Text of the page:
As candidate filing deadlines begin to approach in the early primary states, we are seeing 2024 electoral decisions being made. Four House members, two Republicans and two Democrats, announced that they will not seek re-election next year. All have different reasons for leaving the House.
New York US Rep. Brian Higgins (D-Buffalo) clarified over the weekend that he will resign from the House in February in order to become president of the Shea’s Performing Arts Center in his home city of Buffalo. Rep. Higgins was first elected in 2004 from a 26th District that includes two-thirds of Erie County and almost three-quarters of Niagara County.
The Democrats should have little trouble holding this district, though a new open seat in western New York could influence what is likely a second round of redistricting to come early next year. Therefore, the confines of the Buffalo anchored district could change.
The FiveThirtyEight data organization rates NY-26 as D+18. Dave’s Redistricting App calculates a 61.4D – 36.1R partisan lean. President Joe Biden recorded a 61-37% win here in the 2020 election. The Daily Kos Elections site ranks this district as the 78th most vulnerable seat in the Democratic Conference.
Six-term Ohio US Rep. Brad Wenstrup (R-Hillsboro) announced via video message on Friday that he will not be seeking re-election in 2024. Mr. Wenstrup first came to Congress in 2012 when he scored an upset victory over then-Rep. Jean Schmidt in that year’s Republican primary. The Congressman has not been seriously challenged since.
Ohio’s 2nd District contains all or parts of 16 southern counties that stretch from the eastern Cincinnati suburbs all the way to West Virginia. Republicans will have little trouble holding the district as an open seat and Mr. Wenstrup’s successor will be determined in the March 19th GOP primary. The FiveThirtyEight data organization rates OH-2 as R+49. Former President Trump carried the seat in 2020 with a whopping 72-27% majority. The Daily Kos Elections site ranks OH-2 as the 13th safest Republican seat in the GOP Conference.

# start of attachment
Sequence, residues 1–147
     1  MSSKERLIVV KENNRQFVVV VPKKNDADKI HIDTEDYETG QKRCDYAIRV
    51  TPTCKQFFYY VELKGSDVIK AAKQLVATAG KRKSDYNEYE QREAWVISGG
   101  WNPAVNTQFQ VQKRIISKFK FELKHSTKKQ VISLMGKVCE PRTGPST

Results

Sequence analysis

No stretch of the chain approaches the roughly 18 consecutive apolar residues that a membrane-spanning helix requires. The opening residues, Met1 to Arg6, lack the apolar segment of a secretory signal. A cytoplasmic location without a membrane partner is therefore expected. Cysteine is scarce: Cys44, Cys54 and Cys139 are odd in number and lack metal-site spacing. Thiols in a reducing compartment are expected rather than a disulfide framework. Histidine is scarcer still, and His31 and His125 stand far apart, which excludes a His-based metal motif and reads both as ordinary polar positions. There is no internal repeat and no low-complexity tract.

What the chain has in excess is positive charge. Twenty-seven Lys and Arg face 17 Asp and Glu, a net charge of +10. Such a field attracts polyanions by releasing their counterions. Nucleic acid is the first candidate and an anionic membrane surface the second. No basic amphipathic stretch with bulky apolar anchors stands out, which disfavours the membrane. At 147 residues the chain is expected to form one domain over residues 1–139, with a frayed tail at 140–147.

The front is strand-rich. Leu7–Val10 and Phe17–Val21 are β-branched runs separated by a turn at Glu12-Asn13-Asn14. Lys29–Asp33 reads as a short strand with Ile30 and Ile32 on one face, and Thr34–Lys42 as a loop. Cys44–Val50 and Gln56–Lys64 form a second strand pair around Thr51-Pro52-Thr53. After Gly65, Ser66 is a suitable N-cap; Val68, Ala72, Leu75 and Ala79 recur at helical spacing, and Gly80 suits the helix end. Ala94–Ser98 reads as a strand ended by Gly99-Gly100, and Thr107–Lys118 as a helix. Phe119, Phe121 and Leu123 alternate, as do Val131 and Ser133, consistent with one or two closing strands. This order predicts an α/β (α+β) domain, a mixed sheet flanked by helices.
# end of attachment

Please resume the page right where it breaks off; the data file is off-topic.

Veteran Rep. Michael Burgess (R-Pilot Point), from a 26th District that covers three-quarters of Denton County, all of Cooke, and two-thirds of Wise County in North Texas, announced that he will not seek an 11th term in Congress. Dr. Burgess, who practiced medicine for three decades before winning his congressional seat in 2004, will retire from politics at the end of his current term.
The seats is safely Republican, and we can expect a crowded GOP candidate field. We won’t have to wait long to see who decides to run. The Texas candidate filing deadline concludes on December 11th.
Three-term US Rep. Abigail Spanberger (D-Glen Allen) announced yesterday that she will run for Governor of Virginia in 2025. The move means she will not seek re-election to the House in 2024.
Gov. Glenn Youngkin (R), under Virginia’s unique one-term limit law for its state chief executives, is ineligible to seek re-election. Therefore, the position will again be open for the 2025 election. Rep. Spanberger reports over $1.4 million cash-on-hand in her congressional committee, all of which is transferrable to a Virginia state campaign.
Without Ms. Spanberger seeking re-election, the 7th District becomes highly competitive in the general election. The FiveThirtyEight data organization rates the seat as D+2. Dave’s Redistricting App calculates 51.1D – 47.2R partisan lean. The Daily Kos Elections site ranks VA-7 as the 17th most vulnerable seat in the Democratic Conference.
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